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Lesson Plans


Re: substitute teaching

[ Thread ][ Subject ][ Author ][ Date ]
Maggie White (mwhite)
Tue, 03 Feb 1998 18:14:22 -0800


Becky Smith wrote:
>
> Re:Sub teaching art. Having subbed in art K-12 in a large district,
> for quite some time, I take exception to the complaint about subs not
> following the lesson plans. Survival caused me to bring my own and
> sue them freely when
> A. the plans left were incoherent
> B. The plans left for me did not include the materials needed to
> execute them, ie. Video tapes, paints, reproductions, examples, that
> were specifically called for in the plans
> C. The lesson plan provided would last only about 10 minutes leaving
> me with 50 minutes of time to kill with Bored students.
> D. The lesson left was so boring that the regular teacher would have
> never used it.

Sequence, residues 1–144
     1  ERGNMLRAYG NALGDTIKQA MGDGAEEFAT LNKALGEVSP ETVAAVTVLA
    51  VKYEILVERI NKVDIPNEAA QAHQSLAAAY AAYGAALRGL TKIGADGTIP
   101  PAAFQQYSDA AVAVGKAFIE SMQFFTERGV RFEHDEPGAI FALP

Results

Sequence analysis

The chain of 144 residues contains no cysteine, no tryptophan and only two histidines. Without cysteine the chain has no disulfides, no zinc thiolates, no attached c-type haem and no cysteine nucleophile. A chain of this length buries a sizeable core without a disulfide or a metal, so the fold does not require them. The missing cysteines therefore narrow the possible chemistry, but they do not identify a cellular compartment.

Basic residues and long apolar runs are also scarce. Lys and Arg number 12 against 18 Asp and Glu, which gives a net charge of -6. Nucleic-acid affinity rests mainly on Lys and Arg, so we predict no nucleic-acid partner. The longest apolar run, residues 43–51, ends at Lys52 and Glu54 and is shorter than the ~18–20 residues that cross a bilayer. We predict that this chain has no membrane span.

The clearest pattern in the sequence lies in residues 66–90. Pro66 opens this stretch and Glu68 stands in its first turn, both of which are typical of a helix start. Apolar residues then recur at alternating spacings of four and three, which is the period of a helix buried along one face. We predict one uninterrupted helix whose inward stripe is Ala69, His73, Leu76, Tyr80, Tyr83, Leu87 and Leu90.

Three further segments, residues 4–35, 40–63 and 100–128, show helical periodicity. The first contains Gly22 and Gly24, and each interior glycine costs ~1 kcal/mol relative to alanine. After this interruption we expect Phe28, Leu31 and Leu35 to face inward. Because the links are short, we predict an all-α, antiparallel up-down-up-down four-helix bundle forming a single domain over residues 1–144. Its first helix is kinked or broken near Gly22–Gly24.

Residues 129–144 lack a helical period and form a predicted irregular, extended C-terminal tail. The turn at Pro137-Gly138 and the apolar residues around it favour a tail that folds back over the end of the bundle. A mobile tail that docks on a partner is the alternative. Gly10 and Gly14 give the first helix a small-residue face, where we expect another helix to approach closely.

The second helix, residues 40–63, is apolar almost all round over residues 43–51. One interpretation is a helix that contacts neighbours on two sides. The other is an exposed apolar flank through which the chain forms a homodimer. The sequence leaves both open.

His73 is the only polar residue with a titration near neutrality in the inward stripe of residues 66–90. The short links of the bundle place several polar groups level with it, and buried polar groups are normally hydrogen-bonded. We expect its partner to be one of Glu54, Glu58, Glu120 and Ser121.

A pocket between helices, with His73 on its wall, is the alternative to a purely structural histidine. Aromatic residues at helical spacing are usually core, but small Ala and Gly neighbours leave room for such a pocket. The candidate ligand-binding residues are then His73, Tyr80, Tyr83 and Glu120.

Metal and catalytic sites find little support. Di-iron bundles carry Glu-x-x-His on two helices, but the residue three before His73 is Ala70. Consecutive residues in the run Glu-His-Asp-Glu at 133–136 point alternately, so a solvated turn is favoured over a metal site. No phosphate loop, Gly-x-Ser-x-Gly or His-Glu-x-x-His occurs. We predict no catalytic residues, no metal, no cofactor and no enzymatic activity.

> E. Lesson books, seating charts, grade books, supplies were no where
> to be found, even after a lengthy search with the help of the
> building principal.
>
> Lighten up on your subs. Subbing for art, along with P.E. and music
> are the least popular assignments available.

I have no doubt this has happened many times over to every sub (including when I've
subbed during my planning period). However, I still think the sub should follow the
plan as closely as possible, and, if there is a major problem--like no supplies--LET THE
TEACHER AND PRINCIPAL KNOW. I had a sub once who would leave a copy of a form she got
from another district which detailed how the day went, whether the plans were
understandable, if supplies were available, etc. This was very useful info; I encourage
all my subs to let me know any problems.

When I get a sub new to me, and whom I suspect has no art background, I leave much
simpler plans than usual.

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